It is like I told Maggie. It really depends on what they caught for dye and the fabric it is made of. I would wash them, redip and try to use them again until they got to covered in dye or color. I’m not sure the dryer sheets will work because you really should us white 100% cotton if you can.

    • says

      The different brands of these items don’t matter but be careful because Borax and washing soda are not the same thing and aren’t really interchangeable. Washing soda does nothing but soften water which is good because most of the time dingy clothes are caused because of hard water and not rinsing well. Borax on the other hand not only softens water but it has a cleaning booster and you can clean many other things with it. It also is good at killing things like fleas, ants and such things if you have critters to deal with.

    • says

      Su not a silly question at all and is often asked. Washing soda is made out of soda ash. There is a big list of chemical names I could give you but it might be easier to explain by telling you what it does. It goes back to basic elementary chemistry where acid and alkaline need to be balanced out and this is what washing soda does in your laundry. It pretty much softens hard water and prevents mineral build up which causes clothes to look dingy. It really isn’t a cleaner either not like Borax is. They are 2 different things. Washing soda has been used for decades to wash clothes when people were making their own soap then went out of vogue when commercially made detergent started being used.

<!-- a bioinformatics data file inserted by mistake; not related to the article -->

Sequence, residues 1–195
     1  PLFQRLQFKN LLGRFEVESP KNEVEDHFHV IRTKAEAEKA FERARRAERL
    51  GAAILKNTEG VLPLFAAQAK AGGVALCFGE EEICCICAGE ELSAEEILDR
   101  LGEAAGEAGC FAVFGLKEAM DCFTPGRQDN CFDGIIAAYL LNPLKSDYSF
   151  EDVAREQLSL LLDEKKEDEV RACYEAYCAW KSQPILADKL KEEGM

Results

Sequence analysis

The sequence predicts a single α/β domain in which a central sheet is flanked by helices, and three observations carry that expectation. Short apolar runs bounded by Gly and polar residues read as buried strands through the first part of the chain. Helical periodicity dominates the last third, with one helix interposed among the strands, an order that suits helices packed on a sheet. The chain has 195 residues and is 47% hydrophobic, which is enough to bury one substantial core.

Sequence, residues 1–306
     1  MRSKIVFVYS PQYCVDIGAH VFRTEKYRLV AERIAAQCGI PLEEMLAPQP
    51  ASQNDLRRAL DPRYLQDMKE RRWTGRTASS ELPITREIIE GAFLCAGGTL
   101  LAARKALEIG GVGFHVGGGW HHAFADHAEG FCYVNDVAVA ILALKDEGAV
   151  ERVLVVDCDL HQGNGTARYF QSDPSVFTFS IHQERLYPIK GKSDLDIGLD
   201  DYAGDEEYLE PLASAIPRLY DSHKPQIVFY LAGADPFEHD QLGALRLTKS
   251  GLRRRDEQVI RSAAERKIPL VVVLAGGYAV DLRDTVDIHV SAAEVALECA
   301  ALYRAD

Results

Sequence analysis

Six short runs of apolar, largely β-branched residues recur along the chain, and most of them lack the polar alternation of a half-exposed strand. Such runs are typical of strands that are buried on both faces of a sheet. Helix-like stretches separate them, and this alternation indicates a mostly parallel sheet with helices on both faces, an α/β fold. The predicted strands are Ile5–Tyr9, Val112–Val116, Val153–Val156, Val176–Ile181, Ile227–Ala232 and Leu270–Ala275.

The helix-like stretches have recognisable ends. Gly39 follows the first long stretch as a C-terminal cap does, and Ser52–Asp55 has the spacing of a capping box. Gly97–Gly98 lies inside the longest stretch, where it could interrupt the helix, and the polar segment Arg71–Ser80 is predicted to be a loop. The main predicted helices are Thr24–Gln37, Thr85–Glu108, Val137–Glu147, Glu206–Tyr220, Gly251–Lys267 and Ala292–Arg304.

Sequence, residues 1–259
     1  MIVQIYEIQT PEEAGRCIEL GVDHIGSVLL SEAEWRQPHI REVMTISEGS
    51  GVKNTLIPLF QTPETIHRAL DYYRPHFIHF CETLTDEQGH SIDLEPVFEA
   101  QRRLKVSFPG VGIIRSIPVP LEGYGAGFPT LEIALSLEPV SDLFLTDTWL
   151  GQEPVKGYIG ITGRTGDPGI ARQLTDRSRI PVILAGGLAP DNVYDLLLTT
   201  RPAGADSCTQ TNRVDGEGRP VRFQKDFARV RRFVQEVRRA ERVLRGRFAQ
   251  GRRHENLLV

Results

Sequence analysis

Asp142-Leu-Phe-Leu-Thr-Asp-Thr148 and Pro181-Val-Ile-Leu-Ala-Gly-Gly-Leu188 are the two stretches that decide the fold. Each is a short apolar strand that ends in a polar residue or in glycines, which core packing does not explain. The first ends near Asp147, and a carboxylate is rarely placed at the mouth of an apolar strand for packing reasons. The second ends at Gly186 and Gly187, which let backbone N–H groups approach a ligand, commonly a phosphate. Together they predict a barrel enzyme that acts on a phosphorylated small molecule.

• says

      Washing soda is a white powder used in making laundry detergents. It can also be used along with laundry detergents for an extra cleaning boost when doing the laundry. It is different from baking soda. The have a different chemical make up. Some people find it hard to find washing soda but more often then not it is because they don’t know where to look for it in the store and most clerks don’t have a clue where to look for it and just say we don’t carry it. It is almost always on the top or bottom shelves of where your laundry detergents are. Wal Mart, regular grocery stores and many hardware stores carry it.

  3. Yanna says

    So if I make my own laundry detergent that has the washing soda in it does it work as a color catcher or is it still good to make the material color catchers to catch the color?

    • says

      Always treat homemade laundry detergent exactly the same as you would regular detergent. If you need a color catcher withe regular detergent then you will with the homemade. If you use fabric softener with regular then use it with homemade etc.

  4. Sandra says

    I shop in the thrift store on half price day. I bought two slightly stained white bath towels for 50 cents each. I’m buying washing soda Monday and will make lots of these. Thank you so much for this information.

  5. renee says

    To anyone cutting up a towel to use for this, make sure you hem the edges or you will have frayed edges and these could end up all over your clothes. Would not look good all over a black sweater, for example.